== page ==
However I am working on boosting those savings some more, because it would be tight!

Ashie said...

The move into retail is a scary one. Would you (or any other commentors) really take up a shop assistant position where you could potentially run into acquaintances, former coworkers, etc? Wouldn't that be difficult? How would you deal with it? It's easy to think certain things will be ok when they're far off, but when the reality is that you might have to serve your ex-boss tomorrow, wouldn't that make you, i don't know, think differently about retail as just another job?
I know it's easy to dismiss keeping up appearances (especially since I'm one of the people who doesn't take flashy holidays, etc anyway) but I'm sure it really does impact the quality of life of some people. (Whom I'm sadly usually judgemental about)

S. B. said...

Your post has a great slant on the issue of negative events. I'm amazed at many stories I read in the newspapers and the blogosphere where someone loses their job and then the same lifestyle continues for 2 or 3 years and then there is a crisis.

I really don't understand this behavior, as many times it seems like the people involved have substantial expenses that could be reined in. Last summer, our family substantially overshot our vacation budget and then we unexpectedly encountered some fairly large roof repairs. This was not even close to a "crisis", but yet we managed to almost immediately pull back expenses in many other areas... just to meet savings goals! So I confess that I don't really understand the attitude where one waits so long to adjust.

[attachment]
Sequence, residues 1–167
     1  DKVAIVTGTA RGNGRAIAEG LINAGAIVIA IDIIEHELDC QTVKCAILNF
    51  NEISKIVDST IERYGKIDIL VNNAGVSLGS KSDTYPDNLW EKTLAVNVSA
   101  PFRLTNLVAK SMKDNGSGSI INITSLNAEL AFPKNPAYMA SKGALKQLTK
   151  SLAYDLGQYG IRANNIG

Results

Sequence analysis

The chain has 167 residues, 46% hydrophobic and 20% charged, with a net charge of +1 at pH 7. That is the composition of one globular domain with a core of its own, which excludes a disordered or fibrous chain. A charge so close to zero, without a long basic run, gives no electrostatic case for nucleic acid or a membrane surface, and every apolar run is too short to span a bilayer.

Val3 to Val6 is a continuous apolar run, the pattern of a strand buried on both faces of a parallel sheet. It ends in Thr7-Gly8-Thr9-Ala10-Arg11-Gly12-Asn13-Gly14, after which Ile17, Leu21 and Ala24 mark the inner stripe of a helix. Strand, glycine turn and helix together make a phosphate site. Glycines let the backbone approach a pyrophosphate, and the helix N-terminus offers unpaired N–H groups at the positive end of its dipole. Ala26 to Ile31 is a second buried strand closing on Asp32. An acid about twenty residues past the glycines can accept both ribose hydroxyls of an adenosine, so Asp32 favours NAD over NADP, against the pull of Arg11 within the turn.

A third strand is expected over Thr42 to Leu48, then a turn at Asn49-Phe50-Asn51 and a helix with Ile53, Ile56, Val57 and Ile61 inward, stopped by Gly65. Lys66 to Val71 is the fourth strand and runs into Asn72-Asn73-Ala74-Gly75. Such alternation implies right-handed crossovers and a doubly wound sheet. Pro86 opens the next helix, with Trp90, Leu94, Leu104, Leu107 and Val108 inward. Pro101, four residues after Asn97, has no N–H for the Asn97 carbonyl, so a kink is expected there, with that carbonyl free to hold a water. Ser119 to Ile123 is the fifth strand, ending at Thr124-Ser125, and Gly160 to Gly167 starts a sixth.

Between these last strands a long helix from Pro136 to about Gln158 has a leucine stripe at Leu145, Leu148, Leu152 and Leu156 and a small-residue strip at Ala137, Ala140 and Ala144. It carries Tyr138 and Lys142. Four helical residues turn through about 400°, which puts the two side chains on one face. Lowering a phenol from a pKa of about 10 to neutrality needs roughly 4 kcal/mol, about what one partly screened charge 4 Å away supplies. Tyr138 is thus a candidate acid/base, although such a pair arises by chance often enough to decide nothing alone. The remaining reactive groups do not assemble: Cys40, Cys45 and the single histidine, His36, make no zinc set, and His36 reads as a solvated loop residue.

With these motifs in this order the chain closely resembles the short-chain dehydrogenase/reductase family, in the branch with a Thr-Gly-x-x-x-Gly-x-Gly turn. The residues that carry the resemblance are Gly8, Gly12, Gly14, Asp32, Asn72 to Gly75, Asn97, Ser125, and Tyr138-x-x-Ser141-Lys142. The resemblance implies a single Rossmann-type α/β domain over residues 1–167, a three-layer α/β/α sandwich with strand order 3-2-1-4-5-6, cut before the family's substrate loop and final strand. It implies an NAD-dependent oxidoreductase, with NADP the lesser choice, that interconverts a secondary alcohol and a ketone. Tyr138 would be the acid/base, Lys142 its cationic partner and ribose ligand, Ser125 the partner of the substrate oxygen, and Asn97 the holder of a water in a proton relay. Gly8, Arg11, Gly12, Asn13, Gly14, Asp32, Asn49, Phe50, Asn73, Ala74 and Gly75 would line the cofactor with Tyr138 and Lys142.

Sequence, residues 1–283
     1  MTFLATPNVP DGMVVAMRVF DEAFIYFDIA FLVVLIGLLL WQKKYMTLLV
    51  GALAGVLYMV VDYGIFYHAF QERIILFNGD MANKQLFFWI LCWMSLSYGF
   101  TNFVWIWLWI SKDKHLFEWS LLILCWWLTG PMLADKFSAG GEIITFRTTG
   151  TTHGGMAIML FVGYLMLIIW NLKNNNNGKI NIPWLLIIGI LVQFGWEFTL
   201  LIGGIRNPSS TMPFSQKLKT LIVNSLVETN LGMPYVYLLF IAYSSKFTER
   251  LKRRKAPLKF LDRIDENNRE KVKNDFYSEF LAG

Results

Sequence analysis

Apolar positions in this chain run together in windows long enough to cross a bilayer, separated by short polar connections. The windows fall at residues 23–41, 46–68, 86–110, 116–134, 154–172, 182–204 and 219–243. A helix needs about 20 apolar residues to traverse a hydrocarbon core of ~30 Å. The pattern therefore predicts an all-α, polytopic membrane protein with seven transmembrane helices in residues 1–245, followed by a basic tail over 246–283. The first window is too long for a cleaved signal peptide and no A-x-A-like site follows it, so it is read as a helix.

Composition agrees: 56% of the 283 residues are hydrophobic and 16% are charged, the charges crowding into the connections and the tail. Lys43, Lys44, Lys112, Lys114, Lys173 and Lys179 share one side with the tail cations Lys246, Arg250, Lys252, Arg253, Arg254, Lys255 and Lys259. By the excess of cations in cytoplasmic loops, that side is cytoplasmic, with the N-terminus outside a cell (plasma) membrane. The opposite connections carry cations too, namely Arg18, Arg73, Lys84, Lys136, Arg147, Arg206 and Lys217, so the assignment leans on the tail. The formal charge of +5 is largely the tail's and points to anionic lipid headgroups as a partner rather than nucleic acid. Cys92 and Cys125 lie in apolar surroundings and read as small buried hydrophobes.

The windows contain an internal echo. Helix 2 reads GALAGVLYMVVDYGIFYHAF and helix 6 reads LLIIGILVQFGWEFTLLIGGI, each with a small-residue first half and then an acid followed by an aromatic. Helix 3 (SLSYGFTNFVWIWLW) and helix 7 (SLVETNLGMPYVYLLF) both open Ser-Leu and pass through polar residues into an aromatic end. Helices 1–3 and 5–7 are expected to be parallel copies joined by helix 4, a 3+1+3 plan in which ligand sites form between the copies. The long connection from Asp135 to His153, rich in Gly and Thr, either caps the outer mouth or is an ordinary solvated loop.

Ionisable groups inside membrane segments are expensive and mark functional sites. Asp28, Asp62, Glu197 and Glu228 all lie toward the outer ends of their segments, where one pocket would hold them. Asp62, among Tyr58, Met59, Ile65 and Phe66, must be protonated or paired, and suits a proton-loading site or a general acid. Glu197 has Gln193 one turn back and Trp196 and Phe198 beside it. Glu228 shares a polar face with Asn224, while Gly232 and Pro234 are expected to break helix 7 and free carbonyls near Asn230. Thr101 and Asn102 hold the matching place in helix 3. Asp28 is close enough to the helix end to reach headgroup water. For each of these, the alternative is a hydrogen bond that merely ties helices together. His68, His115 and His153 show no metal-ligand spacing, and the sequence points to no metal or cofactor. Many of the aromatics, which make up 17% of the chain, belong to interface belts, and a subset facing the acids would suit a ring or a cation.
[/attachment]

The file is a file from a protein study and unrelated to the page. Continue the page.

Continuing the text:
I completely agree..."how fast can you adjust" is a very important factor.

Anonymous said...

I lost my job recently. I knew it was a possibility and had prepared a budget for the eventuality. The plan was to move to a much cheaper place (we rent), significantly reduce eating out and cut back on all but essential shopping.

Well...several months have gone by since and I found it much harder to cut back than I expected. I was getting severance for a while so I justified it as a 'transition period'. And we did cut back on housing and shopping, just not as much as planned. But I did find cutting back on eating out much harder, because it's hard to socialize with friends without eating out, and because of appearances too: I hate having to say 'oh let's go to a cheaper place'.

My spouse does work so we're in a better position than the couple in the example, but I just want to say I know first hand the denial, pride and the apathy that goes into these bad decisions.

markyming said...

I've cut back all my life! I work freelance. My expenses are usually 20 to 40% of my income. This month, I'm probably earning only 20% of my usual income. So, that means no savings, but no real change in life style. If I needed to cut back, I'd cut back in areas where I'm the only one affected. Wouldn't really want to affect friends. I'd still go to restaurants, but I'd take the bus there. I guess shopping would be an area I could totally cut back on.

frugal zeitgeist said...

I have a pretty robust emergency fund, so my game plan would be to cut my expenses to the bone (with the exception of traveling to see family; that's non-negotiable) and take a year off. I'm good for a year and a half on savings alone, but unemployment and severance would probably stretch that out for another year.

Great question, as always.

Anonymous said...

I've prepared a budget that cuts all expenses to the bare minimum and calculated how long I could last with the EF I have. I'm really grateful to bloggers/pf writers like yourself who had warned people to put together a plan "just in case" of that job loss. Putting together the plan has helped ease some of the anxiety of possibly losing my job. More and more people I know are losing their job or having salaries cut. Everyone should have a plan in place!